In case it wasn’t apparent from his moniker, Los Angeles-raised artist Damon “Dâm-Funk” Riddick (pronounced “dame funk”) takes funk very seriously, and can slay a project without having to even open his mouth. Come see him live to support one of the rare modern artists keeping funk alive and innovative, and also catch a performance from Nosaj Thing, (another LA native who’s produced tracks for Chance the Rapper and Kendrick Lamar), and a DJ set from Machinedrum, an electronic producer specializing in glitchy hip-hop and house music. (Thurs Dec 26, 9 pm, Holocene, $25-30) JENNI MOORE


FRI DEC 27

Orquestra Pacifico Tropical, Tribe Mars, Tres Leches, DJ Timothy Bee
Led by drummer Papi Fimbres (Portland’s busiest musician), Orquestra Pacifico Tropical (OPT) includes members of Máscaras, Dreckig, Bitch’n, And And And, Eagle Sun King, Point Juncture WA, Modernstate, Jippedo, and Quiet Countries. Last year the 11-piece band released El Tren to positive reception. Having become famous (at least locally) for their lively performances that get everybody on their feet, OPT is now one of the hottest tickets in town. Also on the bill is soul/hip-hop fusion band Tribe Mars, whose sizeable lineup includes an MC, three vocalists, a drummer, keyboardist, guitarist, bassist, and a saxophonist. The group came into their own with the addition of vocalist Vaughn Kimmons and Andre Burgos on keys, and are now one of the town’s greatest treasures. Their impressive self-titled debut from 2018 plays around at the intersection of psychedelic soul, hip-hop, and jazz. Songs like the subdued “Sun Raisin,” or the funkified “Best Fishes” are just two highlights from the band’s beautifully complex catalog. (Fri Dec 27, 9 pm, Mississippi Studios, $12-15) JENNI MOORE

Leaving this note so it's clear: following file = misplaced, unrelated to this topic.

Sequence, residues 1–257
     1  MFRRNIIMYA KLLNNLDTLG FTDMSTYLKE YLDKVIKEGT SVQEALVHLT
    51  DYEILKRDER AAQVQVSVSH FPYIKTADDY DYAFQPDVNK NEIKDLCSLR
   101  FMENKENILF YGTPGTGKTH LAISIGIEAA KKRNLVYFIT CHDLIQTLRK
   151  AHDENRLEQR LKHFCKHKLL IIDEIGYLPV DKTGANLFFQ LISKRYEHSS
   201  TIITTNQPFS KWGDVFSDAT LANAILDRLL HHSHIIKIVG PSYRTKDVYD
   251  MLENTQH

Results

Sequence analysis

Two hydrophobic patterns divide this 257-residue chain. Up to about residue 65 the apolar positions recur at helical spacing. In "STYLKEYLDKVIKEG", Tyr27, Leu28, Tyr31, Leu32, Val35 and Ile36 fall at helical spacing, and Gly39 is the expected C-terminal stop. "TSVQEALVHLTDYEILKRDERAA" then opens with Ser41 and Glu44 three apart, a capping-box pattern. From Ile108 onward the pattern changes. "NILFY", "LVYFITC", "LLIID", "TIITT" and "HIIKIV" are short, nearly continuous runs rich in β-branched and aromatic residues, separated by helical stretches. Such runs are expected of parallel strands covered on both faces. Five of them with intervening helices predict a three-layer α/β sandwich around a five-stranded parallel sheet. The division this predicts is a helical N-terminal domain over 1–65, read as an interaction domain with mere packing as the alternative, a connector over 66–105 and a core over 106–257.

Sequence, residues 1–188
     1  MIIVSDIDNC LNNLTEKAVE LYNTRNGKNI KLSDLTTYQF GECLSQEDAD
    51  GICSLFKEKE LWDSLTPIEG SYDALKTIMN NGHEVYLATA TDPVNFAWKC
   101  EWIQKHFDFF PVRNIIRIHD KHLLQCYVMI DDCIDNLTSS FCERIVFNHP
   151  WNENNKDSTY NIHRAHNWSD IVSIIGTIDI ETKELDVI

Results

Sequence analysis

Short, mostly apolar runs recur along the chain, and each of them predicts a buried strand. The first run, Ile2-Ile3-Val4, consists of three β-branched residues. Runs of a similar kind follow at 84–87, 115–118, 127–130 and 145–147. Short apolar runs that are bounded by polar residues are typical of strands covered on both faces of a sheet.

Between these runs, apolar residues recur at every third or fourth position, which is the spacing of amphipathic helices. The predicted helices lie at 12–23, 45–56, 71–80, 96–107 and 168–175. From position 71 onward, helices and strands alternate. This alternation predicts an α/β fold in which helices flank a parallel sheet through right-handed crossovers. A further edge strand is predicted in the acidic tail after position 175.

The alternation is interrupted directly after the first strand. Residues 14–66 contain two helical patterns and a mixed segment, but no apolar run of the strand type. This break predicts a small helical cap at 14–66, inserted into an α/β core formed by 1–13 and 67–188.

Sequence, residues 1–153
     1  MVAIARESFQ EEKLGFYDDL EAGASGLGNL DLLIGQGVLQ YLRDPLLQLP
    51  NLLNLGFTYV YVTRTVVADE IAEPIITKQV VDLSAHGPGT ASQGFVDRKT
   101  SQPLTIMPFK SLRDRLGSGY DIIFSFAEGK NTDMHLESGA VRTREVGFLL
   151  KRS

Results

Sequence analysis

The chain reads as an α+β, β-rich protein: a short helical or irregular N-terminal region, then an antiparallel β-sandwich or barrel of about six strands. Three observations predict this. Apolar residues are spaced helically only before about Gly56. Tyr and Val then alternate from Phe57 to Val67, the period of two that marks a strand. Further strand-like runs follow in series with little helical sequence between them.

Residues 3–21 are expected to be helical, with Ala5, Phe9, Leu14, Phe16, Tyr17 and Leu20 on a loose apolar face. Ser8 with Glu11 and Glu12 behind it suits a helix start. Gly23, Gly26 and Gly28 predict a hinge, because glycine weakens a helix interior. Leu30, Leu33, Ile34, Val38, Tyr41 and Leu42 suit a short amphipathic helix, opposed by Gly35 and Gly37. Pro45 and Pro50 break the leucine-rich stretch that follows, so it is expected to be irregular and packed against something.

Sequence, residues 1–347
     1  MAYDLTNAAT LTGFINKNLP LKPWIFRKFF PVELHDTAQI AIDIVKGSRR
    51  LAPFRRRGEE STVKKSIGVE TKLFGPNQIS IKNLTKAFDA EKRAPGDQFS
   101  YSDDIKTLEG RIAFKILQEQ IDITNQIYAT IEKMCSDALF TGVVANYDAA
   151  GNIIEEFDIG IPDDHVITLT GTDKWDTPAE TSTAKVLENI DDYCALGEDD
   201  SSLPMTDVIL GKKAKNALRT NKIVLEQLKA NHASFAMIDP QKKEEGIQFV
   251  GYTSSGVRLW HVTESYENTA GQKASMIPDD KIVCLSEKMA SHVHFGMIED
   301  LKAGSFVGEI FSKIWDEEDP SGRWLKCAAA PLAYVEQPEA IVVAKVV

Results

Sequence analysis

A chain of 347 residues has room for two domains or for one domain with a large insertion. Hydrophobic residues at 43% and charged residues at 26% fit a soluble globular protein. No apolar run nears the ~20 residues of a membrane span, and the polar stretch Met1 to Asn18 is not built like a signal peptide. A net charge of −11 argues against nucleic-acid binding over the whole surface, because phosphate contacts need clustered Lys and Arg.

SUN DEC 29

Dirty Princess, Time Rift, The Sadists
After a local publication compared Portland rockers Dirty Princess to the Sanderson Sisters, I knew it was in my best interest to check them out. They’ve only got a handful of singles out, but some folks may remember their daring and righteous blend of fuzz-and-glam punk from a set at Girl Fest 2019. It’s the right kind of protest music: witchy, feminist, and completely necessary for our current era. (Sun Dec 29, 8 pm, Mississippi Studios, $5, w/Time Rift & the Sadists) (Sun Dec 29, 8 pm, Mississippi Studios, $5) JENNI MOORE


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TUES DEC 31

Dirty Revival, The Quick & Easy Boys
If an intimate-but-lively night of groovy, genre-bending live music is on your mind for NYE 2019, Dirty Revival’s show at Mississippi Studios—opened by psychedelic rock outfit The Quick & Easy Boys—just might be the move. Dirty Revival are a soul/hip-hop fusion band that are revered for their electrifying live performances and the band’s refusal to stick to any one genre. At the helm of the seven-piece is Sarah Clarke, a powerhouse singer with choral roots, who lists Charles Bradley as one of her biggest inspirations. Anyone attending this should be advised to bring your dancin’ shoes. (Tues Dec 31, 9 pm, Mississippi Studios, $25) JENNI MOORE

Of Montreal, Aan
Of Montreal have been out-“of Montreal”ing all of you quirky jerks for years, so listen up. With a catalog that stretches back more than 20 years, and spawned from the sweet, chiming bosom of the Elephant 6 collective, Of Montreal, anchored by songwriter and mystical thesaurus Kevin Barnes, has been shapeshifting for years without missing a beat. He’s mined influences like Sylvia Plath and the psychedelic movement of the ’60s for past records, and with the upcoming 2020 studio release of UR FUN, this seminal band shows no signs of stoppage. Live shows with Barnes dolled up like David Bowie and bacchanalian onstage dance-offs promise to leave you wondering where the hell you are and why the hell you would ever want to leave. In other words, this special New Year’s Eve performance is the perfect way to welcome in a wonderfully weird 2020. (Tues Dec 31, 9 pm, Wonder Ballroom, $25-30) KATHLEEN TARRANT